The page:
Thursday, October 2, 2008

And now for something real....

I work at a truly amazing organization. I made a silent promise to myself that I would not blog about my work, but this topic transcends the day to day of my workplace and really isn't about my day to day job at all.

I work at a non-profit that is in the "business" of helping children, human beings, to become healthy, whole people as they grow up among extremely difficult family circumstances and within impoverished neighborhoods. I work with amazing individuals who have made this their life's work and who come to the office every day with wisdom, courage, tenacity, patience, a sense of humor, and a story to share. And, we all come from very different walks of life. Then again, don't we all -- every single one of us?

Today was the first of a 2-day staff retreat, and the topic up for discussion was diversity. I learned so much, and felt a wave of truth and good intention and humanity swirling through the room as we all discussed difficult topics. I feel so honored to work somewhere that facilitates this kind of real human interaction and creates a safe space to take on some of the tough stuff. Diversity is such an important topic, and our discussion impacted me so much that I want to share a little bit with you. Its complex, but I hope it comes through ok over my blog...

Can I tell you a little bit about something called The Human Value and Goodness Approach? It goes a little something like this...


We have a tendency to categorize people as good people or bad people. This sets up a false dichotomy in which we take sides against each other, requiring the elimination of one side. (One mild example: If we place a lot of value on eating good, wholesome and nutritious foods, we may look at those who eat at, and take their children to eat at fast food restaurants on a regular basis as bad people.) This approach is less effective.

A more effective approach:
See all people as having value and on a continuum together, some with more awareness than ourselves and others with less. No one being completely bigoted or aware. We can give a hand to those with less information than we have and receive help from those with more.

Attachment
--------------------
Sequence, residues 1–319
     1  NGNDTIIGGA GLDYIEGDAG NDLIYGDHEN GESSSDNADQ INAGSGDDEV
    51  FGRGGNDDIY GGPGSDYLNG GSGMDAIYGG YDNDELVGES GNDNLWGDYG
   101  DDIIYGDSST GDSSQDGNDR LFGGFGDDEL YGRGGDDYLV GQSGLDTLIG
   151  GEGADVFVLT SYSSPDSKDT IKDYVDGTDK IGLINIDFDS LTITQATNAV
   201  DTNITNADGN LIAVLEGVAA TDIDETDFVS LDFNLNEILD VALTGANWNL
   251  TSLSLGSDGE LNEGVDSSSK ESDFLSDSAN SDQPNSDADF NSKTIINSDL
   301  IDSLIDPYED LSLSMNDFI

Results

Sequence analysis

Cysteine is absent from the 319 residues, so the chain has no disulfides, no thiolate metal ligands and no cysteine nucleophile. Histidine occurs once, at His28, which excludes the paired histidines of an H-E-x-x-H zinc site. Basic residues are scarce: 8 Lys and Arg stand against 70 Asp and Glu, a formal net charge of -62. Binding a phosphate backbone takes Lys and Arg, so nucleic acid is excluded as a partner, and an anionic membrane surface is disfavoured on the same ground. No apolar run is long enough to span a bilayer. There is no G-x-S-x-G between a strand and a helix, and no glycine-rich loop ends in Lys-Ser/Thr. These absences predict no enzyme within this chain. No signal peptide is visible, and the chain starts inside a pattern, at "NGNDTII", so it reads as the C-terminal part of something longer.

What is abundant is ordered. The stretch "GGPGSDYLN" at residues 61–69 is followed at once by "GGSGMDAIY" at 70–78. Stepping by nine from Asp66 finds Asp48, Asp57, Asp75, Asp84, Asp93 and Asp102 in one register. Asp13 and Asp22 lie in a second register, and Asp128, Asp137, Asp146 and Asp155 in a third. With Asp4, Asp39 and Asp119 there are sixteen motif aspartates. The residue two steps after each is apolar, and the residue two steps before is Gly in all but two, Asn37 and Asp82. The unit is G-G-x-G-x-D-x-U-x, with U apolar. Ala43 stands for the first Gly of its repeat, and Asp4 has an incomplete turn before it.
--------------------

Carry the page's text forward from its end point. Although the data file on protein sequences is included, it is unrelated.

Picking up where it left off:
Less Effective:
Human Behavior = Human Worth

We have a tendency to equate human behavior with human worth. In this model, our value as people is associated with how we behave. If we behave well we are good people. If we behave badly we are bad people.

More Effective:
Human Behavior does NOT = Human Worth

Human Worth --> All Humans Have Value

Human Behavior --> Based on Conditioning, May Be Good or Bad

In this model, our behavior does not impact our positive value as humans. Our behavior is reflective of our conditioning, and it is appropriate to evaluate behavior, but outside of the context of human worth and value.


There is a lifetime that can be said about this topic, and many have dedicated their lives to it. But rather than me talk at you about it on my blog, I just wanted to share it with you so you can think about what it means in your life, if you'd like to. It's powerful, and challenges all of us to come from a place of love when interacting with one another.

My next post will have some lighter, fun stuff in it. But I hope you enjoyed this meaty post too! Thanks for sticking with me...


cjc said...

I don't think I tell you often enough, but I am so proud of the work that you do and the organization for which you work. I have always operated from the philosophy that I can make money doing almost anything; but the jobs I've loved most are the ones where I've made a difference!

Kudos to you and all who work with you.


abby said...

I am sitting here at work, reading this (probably not the best idea) and it hit me like a ton of bricks. Thanks-I needed that!
I often get stuck in negative thoughts-if I do something "wrong"-can't help but hate myself. This is never good, never productive.
I really, truely believe in the good in everyone, sometimes-I just need to be reminded...thanks....take care, seet girl.

Michelle said...

Having had the opportunity to sit in that room with you, let me just reiterate the power I found in that conversation. I cried through it, after it and a bit the next day... I'm proud of us on a number of levels, but that day I was proud of us for collectively becoming better people ourselves.